Digital Sound & Music: Concepts, Applications, & Science, Chapter 6, last updated 6/25/2013
Figure 6.23 Master volume controller for the signal amplifier in a synthesizer
Modulation is the process of changing a shape of a waveform over time. This is done by
continuously changing one of the parameters that defines the waveform by multiplying it by
some coefficient. All the major parameters that define a waveform can be modulated, including
its frequency, amplitude, and phase. A graph of the coefficients by which the waveform is
modified shows us the shape of the modulation over time. This graph is sometimes referred to as
an envelope that is imposed over the chosen parameter, giving it a continuously changing shape.
The graph might correspond to a continuous function, like a sine, triangle, square, or sawtooth.
Alternative, the graph might represent a more complex function, like the ADSR envelope
illustrated in Figure 6.25 illustrates a particular type of envelope, called ADSR.
We'll see look at mathematics of amplitude, phase, and frequency modulation in Section
3. For now, we'll focus on LFOs and ADSR envelopes, commonly-used tools in synthesizers.
LFO stands for low frequency oscillator. An LFO is simply an oscillator just like the ones
found in the sound generator section of the synthesizer. The difference here is that the LFO is not
part of the audio path of the synthesizer. In other words, you can’t hear the frequency generated
by the LFO. Even if the LFO was put into the audio path, it oscillates at frequencies well below
the range of human hearing so it isnt' heard anyway. A LFO oscillates anywhere from 10 Hz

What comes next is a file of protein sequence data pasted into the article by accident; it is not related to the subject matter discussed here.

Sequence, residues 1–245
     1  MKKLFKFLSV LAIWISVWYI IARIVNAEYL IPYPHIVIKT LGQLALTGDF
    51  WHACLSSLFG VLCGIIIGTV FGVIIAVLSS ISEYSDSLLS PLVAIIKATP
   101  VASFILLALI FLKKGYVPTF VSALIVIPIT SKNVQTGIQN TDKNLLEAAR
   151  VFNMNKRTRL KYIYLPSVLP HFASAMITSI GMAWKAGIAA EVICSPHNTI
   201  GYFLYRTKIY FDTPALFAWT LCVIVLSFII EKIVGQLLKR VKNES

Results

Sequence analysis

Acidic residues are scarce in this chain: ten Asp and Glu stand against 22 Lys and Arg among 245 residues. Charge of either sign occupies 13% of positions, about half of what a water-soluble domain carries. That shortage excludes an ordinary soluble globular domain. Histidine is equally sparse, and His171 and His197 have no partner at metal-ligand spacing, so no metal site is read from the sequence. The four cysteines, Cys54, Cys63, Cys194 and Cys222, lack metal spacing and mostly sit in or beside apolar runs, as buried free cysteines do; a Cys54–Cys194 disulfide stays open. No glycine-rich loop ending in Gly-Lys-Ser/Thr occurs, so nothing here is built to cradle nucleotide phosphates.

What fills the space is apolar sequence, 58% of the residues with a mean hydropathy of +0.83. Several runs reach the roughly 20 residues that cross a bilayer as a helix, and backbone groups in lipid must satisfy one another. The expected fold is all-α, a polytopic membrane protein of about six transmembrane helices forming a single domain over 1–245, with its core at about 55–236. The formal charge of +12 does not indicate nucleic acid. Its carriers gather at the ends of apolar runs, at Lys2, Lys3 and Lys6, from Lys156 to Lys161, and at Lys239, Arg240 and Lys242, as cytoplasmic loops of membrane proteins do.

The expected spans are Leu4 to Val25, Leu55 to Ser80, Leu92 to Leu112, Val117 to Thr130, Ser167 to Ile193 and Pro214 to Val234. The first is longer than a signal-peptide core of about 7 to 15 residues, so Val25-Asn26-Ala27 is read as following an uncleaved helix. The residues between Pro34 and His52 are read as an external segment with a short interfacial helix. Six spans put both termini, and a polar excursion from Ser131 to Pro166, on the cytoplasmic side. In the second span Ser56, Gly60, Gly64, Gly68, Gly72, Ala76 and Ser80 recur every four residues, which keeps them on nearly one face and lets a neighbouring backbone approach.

down to a fraction of a Hertz.
LFO’s are used like envelopes to modulate parameters of the synthesizer over time.
Typically you can choose from several different waveforms. For example, you can use an LFO
with a sinusoidal shape to change the pitch of the oscillator over time, creating a vibrato effect.
As the wave moves up and down, the pitch of the oscillator follows. You can also use an LFO to
control the sound amplitude over time to create a pulsing effect.
Figure 6.25 shows the LFO controls on a synthesizer. The Waveform button toggles the
LFO between one of six different waveforms. The Dest button toggles through a list of
destination parameters for the LFO. Currently, the LFO is set to create a triangle wave and apply
it to the pitch of Oscillators 1 and 2. The Rate knob defines the frequency of the LFO and the
Amount knob defines the amplitude of the wave or the amount of modulation that is applied. A
higher amount creates a more dramatic change to the destination parameter. When the Sync
button is engaged, the LFO frequency is synchronized to the incoming tempo for your song
based on a division defined by the Rate knob such as a quarter note or a half note.